– Many people refuse, and quickly discover that this creates a number of hurdles that must be overcome in order to obtain services. A demand may be made that you, the customer, jump through a series of inconvenient hoops.
– Most customers are denied the service altogether, and from what we can tell, this is perfectly legal.
– When faced with either option, most people give up, and hand-over their number.
These organizations often state the Social Security number requirement in their terms of service, which you must sign in order to do business with them.
They acquire this data for their own protection, since by making a concerted effort to verify the identities of their customers, they establish a degree of accountability. Otherwise, anyone could pose as anyone else without consequence.
Although I’d rather not, I frequently provide my Social Security number. But I do take steps to protect myself, or at least to reduce my vulnerability.
Tips To Protect Yourself:
1. In honor of last month's National Protect Your Identity Week, check your credit report this week using a reputable firm such as, Experian, and set reminders every three months to review it again.
2. You can refuse to provide your Social Security number.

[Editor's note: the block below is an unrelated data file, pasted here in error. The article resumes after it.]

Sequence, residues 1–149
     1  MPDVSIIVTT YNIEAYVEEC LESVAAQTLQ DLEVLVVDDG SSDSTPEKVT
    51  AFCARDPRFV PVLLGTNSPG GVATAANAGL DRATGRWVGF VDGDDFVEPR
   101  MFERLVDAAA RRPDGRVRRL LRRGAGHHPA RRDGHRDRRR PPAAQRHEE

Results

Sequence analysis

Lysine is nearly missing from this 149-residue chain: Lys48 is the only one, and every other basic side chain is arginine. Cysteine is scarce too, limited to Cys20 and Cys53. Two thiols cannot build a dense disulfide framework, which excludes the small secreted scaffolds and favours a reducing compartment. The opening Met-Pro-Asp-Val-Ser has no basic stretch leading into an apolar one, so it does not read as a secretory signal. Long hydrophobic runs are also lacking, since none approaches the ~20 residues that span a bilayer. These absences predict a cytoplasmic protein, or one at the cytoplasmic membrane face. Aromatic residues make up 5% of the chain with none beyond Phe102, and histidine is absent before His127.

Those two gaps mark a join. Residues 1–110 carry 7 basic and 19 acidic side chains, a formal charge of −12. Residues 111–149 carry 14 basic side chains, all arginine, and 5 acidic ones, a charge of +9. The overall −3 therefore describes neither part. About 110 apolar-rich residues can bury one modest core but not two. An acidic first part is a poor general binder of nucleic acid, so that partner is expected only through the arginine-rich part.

3. Invest in an identity protection service. Because there are times you cannot withhold your Social Security number, an identity protection service can monitor your bank information and your personal ID. McAfee® Identity Protection (CounterIdentityTheft.com) will alert you, help prevent loss of personal information, allows unlimited checks of your credit, credit monitoring, scanning of the internet and identity fraud resolution.
4. Securely dispose of mail. The standard advice is to thoroughly shred preapproved credit card offers and anything that includes any account information. While this is good advice and should be heeded, it’s not going to protect you when your bank or mortgage company or utility provider tosses your information in a dumpster that is subsequently raided by identity thieves.
5. Opt out of junk mail and preapproved credit card offers. This is good advice and can be done at OptOutPrescreen.com. However, even if you opt out of new offers, others will still arrive. It’s inevitable. You also need to get a locking mailbox, but that still won’t fully protect you.
6. Lock down your PC. McAfee Total Protection™ software is the most comprehensive security tool to protect your computers data.